If you’d prefer to get right into it, check out the Quickstart section.


PipelineDB is built to run SQL queries continuously on streaming data. The output of these continuous queries is stored in regular tables which can be queried like any other table or view. Thus continuous queries can be thought of as very high-throughput, incrementally updated materialized views. As with any data processing system, PipelineDB is built to shine under particular workloads, and simply not intended for others.

Check out the Clients and Quickstart sections for examples of PipelineDB in action.

What PipelineDB is

PipelineDB is designed to excel at SQL queries that reduce the cardinality of streaming datasets. For example: summarizations and aggregations; performing computations across sliding time windows; text search filtering; geospatial filtering, etc. By reducing the cardinality of its input streams, PipelineDB can dramatically reduce the amount of information that needs to be persisted to disk because only the output of continuous queries is stored. Raw data is discarded once it has been read by the continuous queries that need to read it.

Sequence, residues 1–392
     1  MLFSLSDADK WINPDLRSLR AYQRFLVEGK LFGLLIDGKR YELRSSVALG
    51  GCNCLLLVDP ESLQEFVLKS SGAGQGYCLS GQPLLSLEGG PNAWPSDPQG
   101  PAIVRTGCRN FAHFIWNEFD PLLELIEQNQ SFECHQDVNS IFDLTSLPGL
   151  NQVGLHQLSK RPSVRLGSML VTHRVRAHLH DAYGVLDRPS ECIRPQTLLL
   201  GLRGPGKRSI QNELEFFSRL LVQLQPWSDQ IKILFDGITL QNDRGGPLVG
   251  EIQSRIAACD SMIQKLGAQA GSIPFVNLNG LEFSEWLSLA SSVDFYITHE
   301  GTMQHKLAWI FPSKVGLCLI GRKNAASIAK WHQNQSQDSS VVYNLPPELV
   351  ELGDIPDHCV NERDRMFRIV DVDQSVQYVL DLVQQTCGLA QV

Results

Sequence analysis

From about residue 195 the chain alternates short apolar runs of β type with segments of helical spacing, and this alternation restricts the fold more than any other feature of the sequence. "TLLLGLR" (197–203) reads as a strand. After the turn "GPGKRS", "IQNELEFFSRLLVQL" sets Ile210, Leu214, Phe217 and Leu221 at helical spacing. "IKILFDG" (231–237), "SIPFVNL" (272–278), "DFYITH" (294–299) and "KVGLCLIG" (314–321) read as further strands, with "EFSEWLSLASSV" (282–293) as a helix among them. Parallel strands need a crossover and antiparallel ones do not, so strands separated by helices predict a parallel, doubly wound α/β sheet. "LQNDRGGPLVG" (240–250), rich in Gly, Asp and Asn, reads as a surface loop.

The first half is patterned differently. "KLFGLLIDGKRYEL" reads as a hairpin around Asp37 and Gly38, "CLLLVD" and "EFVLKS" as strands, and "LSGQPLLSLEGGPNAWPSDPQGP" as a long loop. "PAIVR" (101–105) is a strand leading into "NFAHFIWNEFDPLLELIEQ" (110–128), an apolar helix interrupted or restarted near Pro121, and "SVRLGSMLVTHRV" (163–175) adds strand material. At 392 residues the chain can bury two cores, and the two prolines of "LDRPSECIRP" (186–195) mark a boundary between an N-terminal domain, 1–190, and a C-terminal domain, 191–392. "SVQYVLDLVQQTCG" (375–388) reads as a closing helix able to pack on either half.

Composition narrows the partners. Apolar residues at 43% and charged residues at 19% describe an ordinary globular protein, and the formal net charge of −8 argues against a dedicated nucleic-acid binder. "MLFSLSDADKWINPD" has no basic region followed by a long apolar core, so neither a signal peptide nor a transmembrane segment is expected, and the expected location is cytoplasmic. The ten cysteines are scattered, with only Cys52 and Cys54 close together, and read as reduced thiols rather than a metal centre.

Much of the data that is passed through PipelineDB can thus be thought of as virtual data. This idea of data virtualization is at the core of what PipelineDB is all about, and is what allows it to process large volumes of data very efficiently using a relatively small hardware footprint.

PipelineDB aims to eliminate the necessity of an ETL stage for many common data pipelines. Raw data can be streamed directly into PipelineDB, where it is continuously refined and distilled in real time by the continuous queries you’ve declared. This makes it unnecessary to periodically process granular data before loading its refined output into the database–as long as that processing can be defined by SQL queries, of course.

PipelineDB is designed with pragmatism as a first-class consideration, which is why we’ve built it to be fully compatible with PostgreSQL 9.5. We have not invented our own proprietary syntax, and we don’t even have a PipelineDB client because it works with any libraries that already work with PostgreSQL.

What PipelineDB is not

Given that continuous queries must be known a priori, PipelineDB is not an ad-hoc data warehouse. While the output of continuous queries may be explored in an ad-hoc fashion, all of the raw data that has ever passed through PipelineDB may not be because datapoints are discarded after they’ve been read. Additionally, if streaming computations which cannot be expressed in SQL are needed, PipelineDB probably isn’t the right tool for the job!